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Efficient Market Hypothesis

The Efficient Market Hypothesis (EMH) is a financial theory suggesting that asset prices fully reflect all available information. It implies that all investors have equal access to the same information about a company’s prospects, so no one can gain an upper hand on others and consistently profit from trading shares.

EMH suggests that it’s impossible to “beat the market” as the stock market efficiency causes existing share prices to always incorporate and reflect all relevant information. This theory is divided into three forms: weak form efficiency (past price information is reflected in the current price), semi-strong form efficiency (all public information is reflected in current prices), and strong form efficiency (all public and private information is fully reflected in the market prices).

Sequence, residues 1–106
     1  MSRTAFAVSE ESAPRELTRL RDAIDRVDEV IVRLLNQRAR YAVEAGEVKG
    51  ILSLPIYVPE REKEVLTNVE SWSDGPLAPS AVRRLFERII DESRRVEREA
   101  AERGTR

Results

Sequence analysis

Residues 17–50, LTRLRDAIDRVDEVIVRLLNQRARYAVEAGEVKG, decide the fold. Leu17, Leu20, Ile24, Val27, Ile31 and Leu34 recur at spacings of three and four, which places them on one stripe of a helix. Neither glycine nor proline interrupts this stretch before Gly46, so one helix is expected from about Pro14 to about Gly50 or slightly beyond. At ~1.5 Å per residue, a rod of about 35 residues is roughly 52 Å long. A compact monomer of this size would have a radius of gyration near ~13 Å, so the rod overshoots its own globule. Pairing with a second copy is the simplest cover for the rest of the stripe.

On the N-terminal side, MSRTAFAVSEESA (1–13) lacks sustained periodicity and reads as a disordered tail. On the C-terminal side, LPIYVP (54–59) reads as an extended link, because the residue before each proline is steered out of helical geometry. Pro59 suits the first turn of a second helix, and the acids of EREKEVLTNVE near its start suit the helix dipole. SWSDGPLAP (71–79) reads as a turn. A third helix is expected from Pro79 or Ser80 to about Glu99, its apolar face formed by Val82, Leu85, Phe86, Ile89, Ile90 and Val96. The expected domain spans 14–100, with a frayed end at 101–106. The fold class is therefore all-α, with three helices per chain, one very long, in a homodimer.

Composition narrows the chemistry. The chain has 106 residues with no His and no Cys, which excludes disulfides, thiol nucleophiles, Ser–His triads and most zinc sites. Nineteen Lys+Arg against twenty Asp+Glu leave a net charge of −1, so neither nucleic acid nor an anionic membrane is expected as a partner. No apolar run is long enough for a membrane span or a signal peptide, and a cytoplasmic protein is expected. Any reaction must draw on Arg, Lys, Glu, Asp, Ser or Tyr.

The EMH supports the idea of investing in index funds which aim at matching the overall market performance, rather than trying to pick an outperforming stock which could lead to riskier portfolios. However, critics argue that the market often overreacts or underreacts to news, creating opportunities for profit.

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